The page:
Virginia scientists investigating a mysterious fish kill in the James River last month found a microscopic parasite that they say also could have caused earlier kills blamed on Pfiesteria piscicida.
However, researchers in Maryland said yesterday that they remain sure that pfiesteria, a toxic microbe, was responsible for killing thousands of fish on Maryland's lower Eastern Shore in 1997. Moreover, they said, subsequent research has found a nontoxic form of the organism in many areas of the Chesapeake Bay.
The distinction between fish killed by the Kudoa parasite and those dead because of pfiesteria is significant because Kudoa is not harmful to humans, while pfiesteria is believed to have sickened more than two dozen people two years ago. The newly stricken fish have been mainly Atlantic menhaden, a bony, oily fish used mainly to make meal and fish oil.
"They're never caught for human consumption," said Greg C. Garman, a fish biologist at Virginia Commonwealth University who participated in the James River investigation. "You'd have to be really hungry to eat a menhaden."
While scientists may dispute the immediate cause of the fish kills, there is little doubt about an underlying reason for the affliction: deteriorating water quality brought on largely by pollution from nutrients such as fertilizer runoff and wastewater from treatment plants and septic systems.
The Virginia scientists made their discovery three weeks ago when routine monitoring of the lower James River found hundreds of Atlantic menhaden with "classic pfiesteria-like symptoms," including lesions, Garman said.
But no trace of pfiesteria was found at the site. Instead, about a week later, the scientists determined that all the fish they had collected were heavily infected with Kudoa, a protozoan parasite more commonly found in ponds. Because the fish they caught were still alive, Garman said, they had not yet become infested with "scavenger critters" such as bacteria and fungi that invade a fish within hours of its death and make studying it more difficult.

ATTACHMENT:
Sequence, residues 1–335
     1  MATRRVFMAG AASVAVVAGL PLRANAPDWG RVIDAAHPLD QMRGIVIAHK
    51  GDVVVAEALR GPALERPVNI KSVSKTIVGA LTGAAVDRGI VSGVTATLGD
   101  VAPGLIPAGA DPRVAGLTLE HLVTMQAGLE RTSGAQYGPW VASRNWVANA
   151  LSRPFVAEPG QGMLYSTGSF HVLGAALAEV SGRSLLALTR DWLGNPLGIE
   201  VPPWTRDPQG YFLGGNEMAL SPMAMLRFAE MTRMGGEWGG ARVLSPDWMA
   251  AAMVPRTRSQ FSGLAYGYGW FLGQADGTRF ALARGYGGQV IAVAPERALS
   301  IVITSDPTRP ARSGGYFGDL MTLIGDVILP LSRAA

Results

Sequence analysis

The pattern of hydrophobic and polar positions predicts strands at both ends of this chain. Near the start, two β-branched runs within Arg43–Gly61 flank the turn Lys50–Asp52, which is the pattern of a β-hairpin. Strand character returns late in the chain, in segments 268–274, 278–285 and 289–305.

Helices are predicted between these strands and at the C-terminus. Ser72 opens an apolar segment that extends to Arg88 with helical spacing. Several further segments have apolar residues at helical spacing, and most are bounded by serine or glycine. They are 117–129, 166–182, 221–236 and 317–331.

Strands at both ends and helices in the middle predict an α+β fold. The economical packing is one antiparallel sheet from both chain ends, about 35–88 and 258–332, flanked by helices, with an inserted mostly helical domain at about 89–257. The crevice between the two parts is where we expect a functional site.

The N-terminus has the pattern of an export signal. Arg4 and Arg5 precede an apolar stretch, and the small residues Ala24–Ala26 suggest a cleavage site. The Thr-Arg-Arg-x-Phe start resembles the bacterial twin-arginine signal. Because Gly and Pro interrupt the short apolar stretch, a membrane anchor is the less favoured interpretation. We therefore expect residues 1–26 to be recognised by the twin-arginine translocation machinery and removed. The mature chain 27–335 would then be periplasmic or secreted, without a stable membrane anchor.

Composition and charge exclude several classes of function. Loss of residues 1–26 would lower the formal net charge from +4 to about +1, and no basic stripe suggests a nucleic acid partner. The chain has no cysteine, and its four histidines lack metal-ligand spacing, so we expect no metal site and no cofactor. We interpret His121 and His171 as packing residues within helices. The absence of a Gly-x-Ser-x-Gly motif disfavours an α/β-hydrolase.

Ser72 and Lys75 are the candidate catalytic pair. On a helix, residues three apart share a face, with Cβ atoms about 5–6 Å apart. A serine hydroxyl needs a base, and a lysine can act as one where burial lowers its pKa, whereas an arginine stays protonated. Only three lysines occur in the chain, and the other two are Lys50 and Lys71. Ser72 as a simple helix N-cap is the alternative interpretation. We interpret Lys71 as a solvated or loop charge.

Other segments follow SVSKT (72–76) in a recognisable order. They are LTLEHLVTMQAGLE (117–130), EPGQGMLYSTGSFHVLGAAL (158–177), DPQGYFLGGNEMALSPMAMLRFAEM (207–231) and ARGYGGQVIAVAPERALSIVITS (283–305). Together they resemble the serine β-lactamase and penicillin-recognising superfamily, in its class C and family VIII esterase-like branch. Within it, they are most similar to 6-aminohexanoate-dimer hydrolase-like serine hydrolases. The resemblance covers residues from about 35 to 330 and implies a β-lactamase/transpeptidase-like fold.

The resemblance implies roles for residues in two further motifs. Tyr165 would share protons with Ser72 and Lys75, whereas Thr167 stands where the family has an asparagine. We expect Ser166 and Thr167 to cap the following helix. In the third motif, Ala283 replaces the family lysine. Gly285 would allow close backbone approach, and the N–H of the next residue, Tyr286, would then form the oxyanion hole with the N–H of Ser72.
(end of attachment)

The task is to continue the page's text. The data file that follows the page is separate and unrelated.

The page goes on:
"We sort of caught an event as it was happening that was classically pfiesteria without the pfiesteria," Garman said. "We're now proposing that Kudoa may be, probably is, an alternative explanation for certainly this most recent pfiesteria-like event and probably some of the others over the last five years."
The discovery "doesn't rule out pfiesteria" in the Maryland cases, he said, "but it means we probably shouldn't be focusing all our efforts in research and monitoring on just pfiesteria. It's at least as likely that the events that occurred two years ago in this region were caused by Kudoa."
But David Goshorn, a senior researcher with the Maryland Department of Natural Resources, said separate laboratories in two states confirmed that toxic pfiesteria was present in Maryland's 1997 outbreaks.
"I'm not disputing what they found this year," Goshorn said of the Virginia scientists. "But you can't draw conclusions on what happened two years ago in a different river based on what they're finding now."
Several things can cause fish health problems, Goshorn said, including parasites, fungi, bacteria, chemical contaminants and pfiesteria. Although there have been no toxic outbreaks in Maryland since 1997, he said, nontoxic forms of the pfiesteria have been found "in a lot of areas in the Chesapeake." The good news, he said, is that the microbe releases toxins only under certain conditions--such as warm water, moderate salinity and high levels of nutrients--that have not recurred in the last two years.